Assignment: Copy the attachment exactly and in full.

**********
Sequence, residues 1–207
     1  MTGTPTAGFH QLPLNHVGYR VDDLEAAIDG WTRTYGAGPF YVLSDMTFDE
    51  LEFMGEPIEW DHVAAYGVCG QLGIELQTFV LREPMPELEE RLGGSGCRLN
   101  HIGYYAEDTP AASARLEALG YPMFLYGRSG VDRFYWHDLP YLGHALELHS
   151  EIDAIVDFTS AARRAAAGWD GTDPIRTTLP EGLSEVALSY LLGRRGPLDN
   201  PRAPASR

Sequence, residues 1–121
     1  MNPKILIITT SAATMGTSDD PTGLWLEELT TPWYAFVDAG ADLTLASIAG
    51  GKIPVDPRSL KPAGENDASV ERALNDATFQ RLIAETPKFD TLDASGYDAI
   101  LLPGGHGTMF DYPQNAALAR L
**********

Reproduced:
Sequence, residues 1–207
     1  MTGTPTAGFH QLPLNHVGYR VDDLEAAIDG WTRTYGAGPF YVLSDMTFDE
    51  LEFMGEPIEW DHVAAYGVCG QLGIELQTFV LREPMPELEE RLGGSGCRLN
   101  HIGYYAEDTP AASARLEALG YPMFLYGRSG VDRFYWHDLP YLGHALELHS
   151  EIDAIVDFTS AARRAAAGWD GTDPIRTTLP EGLSEVALSY LLGRRGPLDN
   201  PRAPASR

Sequence, residues 1–121
     1  MNPKILIITT SAATMGTSDD PTGLWLEELT TPWYAFVDAG ADLTLASIAG
    51  GKIPVDPRSL KPAGENDASV ERALNDATFQ RLIAETPKFD TLDASGYDAI
   101  LLPGGHGTMF DYPQNAALAR L